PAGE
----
On a final note, perhaps I will post more on this later, crosslinking for 45 minutes in 2 mM DSG (disuccinimidyl glutarate) prior to crosslinking for 5 minutes in formaldehyde does not seem to effect shearing efficiency, so if you have a protein that is not directly bound to the DNA this may be a good way to go.


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  1. great post!

  2. gellybear permalink

    Hi Ethan,

    Thanks for this post! Could you also post what Covaris shearing settings you used for this experiment? (i.e. duty cycle, intensity, volume and tube, number of cells) I have been having shearing problems using the covaris – for a particular cell type I’m working with, I can’t seem to shear it down to the right size using their recommended protocol (same as the one you have in your protocol here: Even when I increase to 25 cycles (i.e. 25 mins of shearing time), I still see a very large amount of DNA at >1kbp range. Also I always get two peaks when I run the gel…

    So it would be great to see what settings you have used here to get the right size. I also use a specific shearing buffer, rather than media. It makes the shearing process more “uniform” – since you may grow diff cells in diff media, and each media type can contain factors/proteins/chemicals that affect the rate of x-linking differently.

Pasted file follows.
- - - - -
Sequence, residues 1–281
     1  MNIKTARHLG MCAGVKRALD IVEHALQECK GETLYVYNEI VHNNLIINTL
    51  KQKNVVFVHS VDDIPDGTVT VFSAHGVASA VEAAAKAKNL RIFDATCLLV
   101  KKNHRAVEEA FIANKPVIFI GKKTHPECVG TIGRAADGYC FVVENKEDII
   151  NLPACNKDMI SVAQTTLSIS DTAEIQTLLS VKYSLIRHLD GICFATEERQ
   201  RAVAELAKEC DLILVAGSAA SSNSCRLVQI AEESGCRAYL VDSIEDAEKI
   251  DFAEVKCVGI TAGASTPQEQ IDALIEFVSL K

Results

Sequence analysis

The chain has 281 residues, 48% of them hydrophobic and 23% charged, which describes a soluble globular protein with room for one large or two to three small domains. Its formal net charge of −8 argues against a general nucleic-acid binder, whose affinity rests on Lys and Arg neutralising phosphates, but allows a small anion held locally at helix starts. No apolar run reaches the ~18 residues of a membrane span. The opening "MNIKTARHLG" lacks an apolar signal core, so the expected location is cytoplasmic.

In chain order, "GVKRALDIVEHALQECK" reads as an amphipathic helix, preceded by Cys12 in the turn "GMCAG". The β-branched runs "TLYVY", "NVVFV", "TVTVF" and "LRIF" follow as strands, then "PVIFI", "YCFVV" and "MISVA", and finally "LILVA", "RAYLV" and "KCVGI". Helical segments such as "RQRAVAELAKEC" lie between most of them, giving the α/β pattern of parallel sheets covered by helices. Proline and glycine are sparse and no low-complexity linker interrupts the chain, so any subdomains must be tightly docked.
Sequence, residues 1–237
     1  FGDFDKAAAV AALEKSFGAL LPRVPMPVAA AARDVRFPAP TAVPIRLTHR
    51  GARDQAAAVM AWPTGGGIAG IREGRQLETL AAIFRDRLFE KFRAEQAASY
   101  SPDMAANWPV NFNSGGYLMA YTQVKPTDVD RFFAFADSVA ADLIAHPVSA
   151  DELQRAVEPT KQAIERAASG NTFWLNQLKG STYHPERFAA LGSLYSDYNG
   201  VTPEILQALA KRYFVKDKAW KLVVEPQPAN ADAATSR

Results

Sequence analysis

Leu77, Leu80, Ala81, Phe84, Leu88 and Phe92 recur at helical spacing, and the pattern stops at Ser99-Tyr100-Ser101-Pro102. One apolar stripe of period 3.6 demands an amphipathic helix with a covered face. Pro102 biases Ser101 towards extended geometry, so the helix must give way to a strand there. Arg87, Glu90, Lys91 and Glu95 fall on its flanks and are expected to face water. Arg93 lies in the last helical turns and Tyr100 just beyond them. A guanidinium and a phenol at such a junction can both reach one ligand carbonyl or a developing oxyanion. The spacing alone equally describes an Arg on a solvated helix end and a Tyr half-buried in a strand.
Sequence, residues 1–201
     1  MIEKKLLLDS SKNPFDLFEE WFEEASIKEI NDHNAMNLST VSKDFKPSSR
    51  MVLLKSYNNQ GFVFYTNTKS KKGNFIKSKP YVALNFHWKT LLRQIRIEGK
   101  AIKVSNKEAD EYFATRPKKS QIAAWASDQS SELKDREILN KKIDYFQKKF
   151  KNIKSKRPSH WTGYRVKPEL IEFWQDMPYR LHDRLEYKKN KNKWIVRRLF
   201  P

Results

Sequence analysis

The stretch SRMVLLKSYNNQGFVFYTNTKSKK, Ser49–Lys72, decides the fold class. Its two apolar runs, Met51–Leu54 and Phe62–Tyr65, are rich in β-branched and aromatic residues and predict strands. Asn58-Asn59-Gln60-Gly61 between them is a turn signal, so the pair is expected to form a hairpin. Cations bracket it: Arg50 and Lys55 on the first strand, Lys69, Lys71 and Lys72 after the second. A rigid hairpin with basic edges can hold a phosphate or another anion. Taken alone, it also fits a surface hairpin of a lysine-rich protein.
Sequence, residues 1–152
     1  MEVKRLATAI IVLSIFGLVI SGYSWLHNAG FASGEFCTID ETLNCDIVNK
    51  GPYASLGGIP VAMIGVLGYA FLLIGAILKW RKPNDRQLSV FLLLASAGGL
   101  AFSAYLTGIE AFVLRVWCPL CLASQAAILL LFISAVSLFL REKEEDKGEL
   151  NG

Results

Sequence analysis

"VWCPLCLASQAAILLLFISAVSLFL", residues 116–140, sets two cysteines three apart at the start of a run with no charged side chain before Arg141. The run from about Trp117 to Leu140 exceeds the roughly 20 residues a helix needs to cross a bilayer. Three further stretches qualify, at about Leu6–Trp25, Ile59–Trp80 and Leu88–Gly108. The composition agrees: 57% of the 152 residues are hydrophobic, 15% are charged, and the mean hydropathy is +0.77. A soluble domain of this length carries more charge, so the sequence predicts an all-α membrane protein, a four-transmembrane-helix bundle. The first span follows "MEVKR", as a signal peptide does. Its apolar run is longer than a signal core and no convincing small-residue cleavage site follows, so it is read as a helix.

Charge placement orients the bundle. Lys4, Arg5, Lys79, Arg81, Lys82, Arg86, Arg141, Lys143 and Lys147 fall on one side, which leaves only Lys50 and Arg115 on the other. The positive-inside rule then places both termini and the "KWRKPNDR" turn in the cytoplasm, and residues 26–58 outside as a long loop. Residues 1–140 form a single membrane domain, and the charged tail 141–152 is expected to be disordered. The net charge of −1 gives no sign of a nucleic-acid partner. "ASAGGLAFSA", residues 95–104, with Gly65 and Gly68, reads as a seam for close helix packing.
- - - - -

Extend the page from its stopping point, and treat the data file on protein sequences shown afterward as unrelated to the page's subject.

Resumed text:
• gellybear permalink

      Sorry, I meant “specific *fixing* buffer”, not shearing buffer.

      Which leads me also to ask, are you using a non-ionic buffer, or an SDS based buffer for shearing?

      Thanks again!

  3. ethanomics permalink

    I’ve sheared HeLa, MEFs and mouse ES cells and they all seem to shear with the same kinetics. With HeLa’s and MEFs I generally use one 15 cm plate/ml of shearing buffer. ES cells we use less cells but the shearing kinetics seems the same. The conditions are in my protocol which is currently here:
    but if it moves check the protocol tab at the top of the page. The only thing that is different is I’ve been using an intensity of 4, whereas in the protocol it says use 3. An intensity of 3 seems to take just a little bit longer to shear the chromatin and being the impatient person I am, I’ve upped it to 4.

    All the buffers are exactly as written in the protocol. The only thing I can think is are you using the TC12x12 tubes with the AFA fiber? If you do it in other tubes (apart from Covaris microTubes with AFA fibers) it does not work.

    • gellybear permalink

      I’m already using their microtube, so that’s not it. But thanks for the information you posted!

  4. Jason permalink

    dumb question but how did you run the gel above to test the effects of fixing on the epitope? Is it a native gel or is this an IP.

    • ethanomics permalink

      Sorry for the delay on this question. I’ve been a little too busy lately. It’s just a regular SDS-PAGE gel. When you reverse X-link, make an aliquot of 10 μl of chromatin. Incubate at 65˚C for > 4 hrs. Add SDS loading dye and run on a regular SDS-PAGE gel. It’s that simple.

      It’s more of a test of the sonication on the epitope, since the X-linking is reversed. So if the epitope was destroyed by X-linking it will come back after reversing the X-linking.